On appeal, husband contends the trial court erred in its determinations of custody and maintenance. We will affirm the court's decree if it is supported by substantial evidence, is not against the weight of the evidence, and does not erroneously declare or apply the law. Williams v. Williams, 753 S.W.2d 101, 102 (Mo.App. 1988). Further, we will set the decree aside as "against the weight of the evidence" only with caution and a firm belief it is clearly wrong. Id.
In point one, husband contends the trial court erred in awarding wife primary custody of David. First, husband argues the court erred in failing to appoint a guardian ad litem, since wife at trial alleged husband had abused or neglected the child.
Section 452.423.1 RSMo (Supp. 1991) provides that a court "shall appoint a guardian ad litem in any proceeding in which child abuse or neglect is alleged." The mandatory duty of such appointment arises when abuse is alleged in the motions or pleadings, or when evidence of abuse or neglect surfaces in the proceeding itself. Van Pelt v. Van Pelt, 824 S.W.2d 135, 139 (Mo.App. 1992). Even if not requested by the parties, it is error not to appoint a guardian ad litem if such an appointment is warranted. McCormick v. McCormick, 807 S.W.2d 556, 557 (Mo.App. 1991).
None of the motions or pleadings in the case contain any allegations of abuse or neglect. During direct examination at trial, wife expressed concern with respect to the beliefs husband was instilling in the children and the manner in which one child, James, treated her when husband was present. Further, wife testified husband left James unsupervised, without the type of "foods that children enjoy eating," and without "appropriate" clothing. Wife also stated James needed eyeglasses and had not received medication or medical attention for severe colds and eye infections he had suffered. Lastly, wife testified husband belittled and criticized James, and disciplined him harshly using physical force. When asked to state her "concerns" in the event the court were to award husband primary custody of David, wife stated she would have the same concerns she felt with respect to husband's care of James.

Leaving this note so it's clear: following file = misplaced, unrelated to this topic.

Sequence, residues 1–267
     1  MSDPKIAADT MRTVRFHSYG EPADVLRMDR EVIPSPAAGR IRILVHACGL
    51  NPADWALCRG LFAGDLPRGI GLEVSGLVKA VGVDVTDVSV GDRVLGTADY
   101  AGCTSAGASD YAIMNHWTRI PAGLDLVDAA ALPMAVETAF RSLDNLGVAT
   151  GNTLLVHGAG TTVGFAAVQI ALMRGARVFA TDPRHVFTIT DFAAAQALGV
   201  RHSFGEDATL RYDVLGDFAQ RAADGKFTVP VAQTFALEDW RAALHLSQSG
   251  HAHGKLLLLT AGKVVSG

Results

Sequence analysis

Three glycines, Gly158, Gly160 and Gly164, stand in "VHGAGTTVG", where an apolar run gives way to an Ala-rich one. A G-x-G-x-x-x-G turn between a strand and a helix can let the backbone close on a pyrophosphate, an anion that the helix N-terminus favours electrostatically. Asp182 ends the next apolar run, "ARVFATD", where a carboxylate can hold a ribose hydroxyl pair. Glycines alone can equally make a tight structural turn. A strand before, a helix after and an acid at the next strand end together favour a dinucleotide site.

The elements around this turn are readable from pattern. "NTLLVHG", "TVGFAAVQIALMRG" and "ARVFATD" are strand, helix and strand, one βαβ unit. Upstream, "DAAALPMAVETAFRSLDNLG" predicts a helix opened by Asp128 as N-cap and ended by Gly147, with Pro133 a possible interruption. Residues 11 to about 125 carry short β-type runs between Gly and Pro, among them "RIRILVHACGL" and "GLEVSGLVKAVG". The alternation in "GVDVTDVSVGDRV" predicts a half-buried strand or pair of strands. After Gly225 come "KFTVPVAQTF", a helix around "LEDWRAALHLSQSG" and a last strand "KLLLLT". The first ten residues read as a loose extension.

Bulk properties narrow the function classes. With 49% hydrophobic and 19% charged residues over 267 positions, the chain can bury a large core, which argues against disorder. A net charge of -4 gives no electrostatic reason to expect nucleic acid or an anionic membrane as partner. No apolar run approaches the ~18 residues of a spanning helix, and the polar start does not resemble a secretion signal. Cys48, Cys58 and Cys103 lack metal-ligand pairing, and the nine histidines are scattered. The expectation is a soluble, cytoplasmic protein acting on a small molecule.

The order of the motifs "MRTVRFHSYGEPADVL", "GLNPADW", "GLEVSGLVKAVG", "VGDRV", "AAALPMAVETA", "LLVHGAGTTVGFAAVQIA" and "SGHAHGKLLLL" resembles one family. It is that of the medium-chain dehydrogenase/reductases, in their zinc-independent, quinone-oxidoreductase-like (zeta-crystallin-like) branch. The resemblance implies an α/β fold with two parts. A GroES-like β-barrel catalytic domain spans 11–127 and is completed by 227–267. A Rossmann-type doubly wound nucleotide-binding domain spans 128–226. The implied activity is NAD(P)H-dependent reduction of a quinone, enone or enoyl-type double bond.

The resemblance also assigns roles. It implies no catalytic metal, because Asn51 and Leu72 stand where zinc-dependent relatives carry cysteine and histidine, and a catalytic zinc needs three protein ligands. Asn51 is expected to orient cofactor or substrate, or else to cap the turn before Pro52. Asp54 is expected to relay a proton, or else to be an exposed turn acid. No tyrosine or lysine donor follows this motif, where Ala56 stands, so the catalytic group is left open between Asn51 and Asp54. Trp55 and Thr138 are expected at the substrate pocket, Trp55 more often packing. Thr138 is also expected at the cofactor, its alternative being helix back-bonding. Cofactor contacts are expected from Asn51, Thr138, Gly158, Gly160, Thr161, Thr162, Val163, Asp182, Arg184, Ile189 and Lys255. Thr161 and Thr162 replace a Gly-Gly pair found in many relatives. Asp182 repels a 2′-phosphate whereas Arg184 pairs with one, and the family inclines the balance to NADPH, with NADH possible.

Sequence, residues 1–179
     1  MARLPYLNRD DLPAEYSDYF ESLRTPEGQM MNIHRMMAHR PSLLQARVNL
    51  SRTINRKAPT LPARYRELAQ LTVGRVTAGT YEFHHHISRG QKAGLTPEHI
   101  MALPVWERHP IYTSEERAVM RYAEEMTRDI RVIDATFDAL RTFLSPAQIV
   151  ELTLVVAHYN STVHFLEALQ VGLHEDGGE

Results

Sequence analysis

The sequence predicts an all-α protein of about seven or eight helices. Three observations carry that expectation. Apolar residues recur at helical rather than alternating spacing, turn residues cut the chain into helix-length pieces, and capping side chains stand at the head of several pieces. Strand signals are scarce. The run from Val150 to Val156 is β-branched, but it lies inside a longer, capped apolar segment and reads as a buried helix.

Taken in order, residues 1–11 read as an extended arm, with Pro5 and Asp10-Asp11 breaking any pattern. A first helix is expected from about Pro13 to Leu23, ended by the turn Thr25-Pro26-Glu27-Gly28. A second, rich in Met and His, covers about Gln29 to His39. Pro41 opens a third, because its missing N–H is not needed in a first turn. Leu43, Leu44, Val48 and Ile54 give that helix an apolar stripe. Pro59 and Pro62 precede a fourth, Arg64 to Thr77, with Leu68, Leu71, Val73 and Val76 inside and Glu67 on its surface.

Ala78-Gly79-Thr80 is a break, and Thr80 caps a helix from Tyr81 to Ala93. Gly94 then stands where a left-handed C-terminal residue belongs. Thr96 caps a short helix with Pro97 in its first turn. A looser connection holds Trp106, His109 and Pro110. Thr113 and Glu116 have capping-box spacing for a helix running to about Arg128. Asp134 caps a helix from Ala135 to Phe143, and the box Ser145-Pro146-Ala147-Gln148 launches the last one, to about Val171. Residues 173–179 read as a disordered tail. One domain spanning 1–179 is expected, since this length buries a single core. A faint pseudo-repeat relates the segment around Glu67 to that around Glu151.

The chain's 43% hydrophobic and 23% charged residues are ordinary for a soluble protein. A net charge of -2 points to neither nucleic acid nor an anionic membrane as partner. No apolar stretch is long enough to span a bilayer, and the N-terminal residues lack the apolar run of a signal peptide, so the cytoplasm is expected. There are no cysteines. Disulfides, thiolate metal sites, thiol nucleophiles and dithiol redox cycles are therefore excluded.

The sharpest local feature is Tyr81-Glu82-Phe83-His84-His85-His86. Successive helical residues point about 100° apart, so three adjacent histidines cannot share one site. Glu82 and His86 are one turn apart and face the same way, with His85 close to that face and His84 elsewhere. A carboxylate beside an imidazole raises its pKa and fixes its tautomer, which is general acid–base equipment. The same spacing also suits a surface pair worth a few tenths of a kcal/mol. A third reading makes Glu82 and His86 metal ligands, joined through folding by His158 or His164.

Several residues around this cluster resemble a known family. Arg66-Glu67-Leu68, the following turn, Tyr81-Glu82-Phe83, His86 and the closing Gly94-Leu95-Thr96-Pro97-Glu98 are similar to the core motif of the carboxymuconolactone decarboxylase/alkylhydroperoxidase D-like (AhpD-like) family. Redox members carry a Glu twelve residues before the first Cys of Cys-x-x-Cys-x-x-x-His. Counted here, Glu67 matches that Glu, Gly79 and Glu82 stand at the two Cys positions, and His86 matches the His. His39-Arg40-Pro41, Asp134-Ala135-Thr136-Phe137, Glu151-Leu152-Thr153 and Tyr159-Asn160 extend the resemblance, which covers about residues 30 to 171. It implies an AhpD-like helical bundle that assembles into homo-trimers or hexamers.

Husband contends wife's testimony constitutes evidence of abuse or neglect that required the trial court to appoint a guardian ad litem to represent David. Although the terms "abuse" and "neglect" are not defined in chapter 452, we are guided by the definitions of those terms in chapter 210, the chapter governing child protection and reformation. See Renfro v. Fehrmann, 817 S.W.2d 592, 593 (Mo.App. 1991). As defined in that chapter, "abuse" means "any physical injury, sexual abuse, or emotional abuse . . . except that discipline including spanking, administered in a reasonable manner shall not be construed to be abuse[.]" § 210.110(1) RSMo 1986. Similarly, "neglect" is defined as "failure to provide . . . the proper or necessary support, education as required by law, nutrition or medical, surgical, or any other care necessary for [the child's] well-being[.]" § 210.110(5) RSMo 1986.